Firms told of 'cottage industry' in laundering

A leading New York prosecutor has told a London conference that international money laundering is being run through “a cottage industry” of lawyers, bankers and accountants.

John Moscow, New York assistant district attorney and lead prosecutor in the BCCI case, told the gathering in his keynote speech: “There are some very well paid and brilliant people out there working to assist money launderers.”

The high-level discussions at the Institute of Advanced Legal Studies involved some of the leading names in City law firms as well as financial crime investigators.

Firms represented included Herbert Smith, Simmons & Simmons, Freshfields, Clifford Chance, Burton Copeland, Peters & Peters and Lovell White Durrant.

But he said UK lawyers caught up in money laundering were just part of a worldwide web of international fraud.

Moscow told the conference: “British lawyers are only the very, very tip of the iceberg… There is a cottage industry of accountants, lawyers and others.”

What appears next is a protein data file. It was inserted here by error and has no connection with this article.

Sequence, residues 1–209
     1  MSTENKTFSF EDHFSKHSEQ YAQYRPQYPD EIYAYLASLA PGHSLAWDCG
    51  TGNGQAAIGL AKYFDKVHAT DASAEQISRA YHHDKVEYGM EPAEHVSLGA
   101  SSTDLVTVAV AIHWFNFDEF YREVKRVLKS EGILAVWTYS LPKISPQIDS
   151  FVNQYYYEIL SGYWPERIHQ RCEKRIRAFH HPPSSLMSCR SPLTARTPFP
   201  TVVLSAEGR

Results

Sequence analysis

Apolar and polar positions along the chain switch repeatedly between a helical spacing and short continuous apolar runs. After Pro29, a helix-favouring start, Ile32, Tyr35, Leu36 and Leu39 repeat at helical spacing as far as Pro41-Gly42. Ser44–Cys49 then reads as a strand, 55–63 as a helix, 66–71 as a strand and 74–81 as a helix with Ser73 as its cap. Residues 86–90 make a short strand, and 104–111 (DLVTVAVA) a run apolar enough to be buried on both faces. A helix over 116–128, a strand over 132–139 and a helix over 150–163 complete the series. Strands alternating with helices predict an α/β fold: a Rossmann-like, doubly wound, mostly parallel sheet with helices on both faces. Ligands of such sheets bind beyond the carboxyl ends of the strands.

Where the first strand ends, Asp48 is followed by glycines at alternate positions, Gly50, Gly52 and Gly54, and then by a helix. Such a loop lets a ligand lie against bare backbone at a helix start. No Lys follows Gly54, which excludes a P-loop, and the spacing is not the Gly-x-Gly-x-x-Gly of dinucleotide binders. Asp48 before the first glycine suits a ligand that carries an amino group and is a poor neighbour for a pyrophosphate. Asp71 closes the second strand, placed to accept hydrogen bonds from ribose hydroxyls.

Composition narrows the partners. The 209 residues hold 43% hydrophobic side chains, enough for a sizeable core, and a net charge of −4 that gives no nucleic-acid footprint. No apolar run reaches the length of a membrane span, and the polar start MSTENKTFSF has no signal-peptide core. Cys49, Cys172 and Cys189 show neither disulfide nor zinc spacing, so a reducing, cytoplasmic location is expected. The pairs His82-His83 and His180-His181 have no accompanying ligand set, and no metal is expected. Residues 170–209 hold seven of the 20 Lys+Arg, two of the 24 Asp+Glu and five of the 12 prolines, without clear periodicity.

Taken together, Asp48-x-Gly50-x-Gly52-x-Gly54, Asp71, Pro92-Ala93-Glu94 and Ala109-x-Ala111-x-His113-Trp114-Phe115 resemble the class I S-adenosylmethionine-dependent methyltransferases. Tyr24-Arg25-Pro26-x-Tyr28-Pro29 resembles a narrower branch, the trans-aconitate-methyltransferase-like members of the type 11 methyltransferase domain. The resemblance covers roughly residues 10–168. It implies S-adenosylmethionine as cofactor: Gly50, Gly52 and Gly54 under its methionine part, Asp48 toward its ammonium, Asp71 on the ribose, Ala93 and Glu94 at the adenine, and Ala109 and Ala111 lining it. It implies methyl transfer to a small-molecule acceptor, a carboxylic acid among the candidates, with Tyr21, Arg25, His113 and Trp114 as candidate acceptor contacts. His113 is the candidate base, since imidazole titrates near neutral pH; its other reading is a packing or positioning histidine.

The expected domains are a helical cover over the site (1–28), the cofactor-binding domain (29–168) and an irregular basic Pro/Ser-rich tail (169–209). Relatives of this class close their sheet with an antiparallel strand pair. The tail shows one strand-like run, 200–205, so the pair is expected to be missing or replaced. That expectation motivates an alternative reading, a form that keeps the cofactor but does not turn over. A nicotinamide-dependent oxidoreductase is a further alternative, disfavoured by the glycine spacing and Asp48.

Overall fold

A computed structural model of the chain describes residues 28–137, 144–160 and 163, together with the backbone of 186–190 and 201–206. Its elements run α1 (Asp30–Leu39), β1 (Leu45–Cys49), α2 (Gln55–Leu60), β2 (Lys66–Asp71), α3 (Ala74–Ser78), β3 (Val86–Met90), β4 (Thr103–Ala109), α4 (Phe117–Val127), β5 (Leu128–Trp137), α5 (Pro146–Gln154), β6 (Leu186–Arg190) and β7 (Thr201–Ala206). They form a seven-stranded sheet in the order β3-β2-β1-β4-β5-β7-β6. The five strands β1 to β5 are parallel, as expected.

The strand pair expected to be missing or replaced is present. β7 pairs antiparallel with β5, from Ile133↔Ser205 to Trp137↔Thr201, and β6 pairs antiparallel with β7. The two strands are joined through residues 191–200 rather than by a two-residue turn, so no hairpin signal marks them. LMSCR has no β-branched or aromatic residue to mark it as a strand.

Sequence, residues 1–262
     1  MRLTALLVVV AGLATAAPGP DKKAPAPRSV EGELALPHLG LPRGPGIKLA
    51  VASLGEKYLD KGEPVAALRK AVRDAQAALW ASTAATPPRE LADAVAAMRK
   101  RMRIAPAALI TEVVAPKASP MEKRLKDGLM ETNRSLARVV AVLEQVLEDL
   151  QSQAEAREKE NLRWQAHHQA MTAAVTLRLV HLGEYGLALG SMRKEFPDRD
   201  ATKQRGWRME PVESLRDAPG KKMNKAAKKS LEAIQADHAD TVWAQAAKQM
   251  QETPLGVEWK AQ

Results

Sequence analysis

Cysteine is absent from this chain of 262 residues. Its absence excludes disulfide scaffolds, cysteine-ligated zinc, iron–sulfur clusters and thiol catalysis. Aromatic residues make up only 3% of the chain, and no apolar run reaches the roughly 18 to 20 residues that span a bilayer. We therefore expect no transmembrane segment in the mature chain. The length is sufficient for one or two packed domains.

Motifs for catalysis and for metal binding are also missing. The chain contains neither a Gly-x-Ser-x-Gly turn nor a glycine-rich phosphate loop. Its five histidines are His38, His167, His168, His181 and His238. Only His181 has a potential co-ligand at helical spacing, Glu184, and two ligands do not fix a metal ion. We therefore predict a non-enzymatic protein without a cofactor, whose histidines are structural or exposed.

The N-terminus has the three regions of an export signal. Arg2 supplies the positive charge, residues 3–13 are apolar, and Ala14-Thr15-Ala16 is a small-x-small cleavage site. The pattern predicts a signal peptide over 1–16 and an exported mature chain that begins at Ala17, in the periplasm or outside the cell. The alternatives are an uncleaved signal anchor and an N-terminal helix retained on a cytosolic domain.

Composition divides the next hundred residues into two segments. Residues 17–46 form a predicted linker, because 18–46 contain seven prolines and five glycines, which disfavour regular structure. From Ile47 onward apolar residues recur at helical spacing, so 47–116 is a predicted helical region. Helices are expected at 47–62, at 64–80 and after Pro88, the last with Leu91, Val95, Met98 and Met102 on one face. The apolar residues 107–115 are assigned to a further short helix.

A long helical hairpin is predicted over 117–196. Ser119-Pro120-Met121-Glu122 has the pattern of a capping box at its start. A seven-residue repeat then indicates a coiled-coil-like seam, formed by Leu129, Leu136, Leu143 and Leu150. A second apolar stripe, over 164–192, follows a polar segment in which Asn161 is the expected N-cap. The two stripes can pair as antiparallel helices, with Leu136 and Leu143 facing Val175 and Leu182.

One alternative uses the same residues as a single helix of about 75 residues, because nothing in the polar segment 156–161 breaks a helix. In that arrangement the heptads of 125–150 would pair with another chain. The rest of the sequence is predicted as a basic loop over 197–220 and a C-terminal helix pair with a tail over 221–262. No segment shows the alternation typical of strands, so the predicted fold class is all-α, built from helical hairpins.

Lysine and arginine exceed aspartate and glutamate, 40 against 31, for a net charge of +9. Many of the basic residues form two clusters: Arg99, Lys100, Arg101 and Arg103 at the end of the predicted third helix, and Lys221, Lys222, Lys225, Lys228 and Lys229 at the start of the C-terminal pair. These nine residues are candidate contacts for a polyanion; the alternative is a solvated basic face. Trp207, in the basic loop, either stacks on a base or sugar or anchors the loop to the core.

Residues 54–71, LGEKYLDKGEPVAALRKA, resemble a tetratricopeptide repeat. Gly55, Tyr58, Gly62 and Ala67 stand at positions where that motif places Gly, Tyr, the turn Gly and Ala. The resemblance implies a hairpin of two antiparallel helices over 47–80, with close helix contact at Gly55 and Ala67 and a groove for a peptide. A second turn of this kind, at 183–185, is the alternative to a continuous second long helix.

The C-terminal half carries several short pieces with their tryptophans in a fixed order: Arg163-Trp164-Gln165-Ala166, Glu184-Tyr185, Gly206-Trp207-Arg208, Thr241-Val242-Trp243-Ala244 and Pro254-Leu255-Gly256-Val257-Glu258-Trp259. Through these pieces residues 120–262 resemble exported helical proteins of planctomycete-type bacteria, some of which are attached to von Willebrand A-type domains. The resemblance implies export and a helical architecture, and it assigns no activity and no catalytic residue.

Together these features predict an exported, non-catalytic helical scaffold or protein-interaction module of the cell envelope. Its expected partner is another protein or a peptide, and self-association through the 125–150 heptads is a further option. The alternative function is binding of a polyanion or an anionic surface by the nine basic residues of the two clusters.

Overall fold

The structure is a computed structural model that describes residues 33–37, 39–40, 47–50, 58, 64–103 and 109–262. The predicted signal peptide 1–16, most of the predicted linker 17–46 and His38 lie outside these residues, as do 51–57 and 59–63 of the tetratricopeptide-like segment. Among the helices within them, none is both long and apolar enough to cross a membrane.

But Moscow told The Lawyer in an interview afterwards that the “cottage industry” is centred in the City of London, and that he has come across lawyers who do not know the identity of their clients, and make little effort to find out.

In November, The Lawyer exclusively revealed six City firms were under police investigation for money laundering. The Law Society accused the National Criminal Intelligence Service, which revealed the information, of lawyer-bashing and “talking out the back of their heads”.

Robert Wardle, associate director at the Serious Fraud Office, told the conference he aims to “persuade professionals they should not make a lot of money by laundering other criminal's assets”.

“All too frequently those criminals are professionals, including lawyers, bankers and accountants,” he says: “He is as much a criminal as the person he helps.”

He goes on to warn the unsuspecting lawyer: “Once you have helped a criminal you're in their sway.”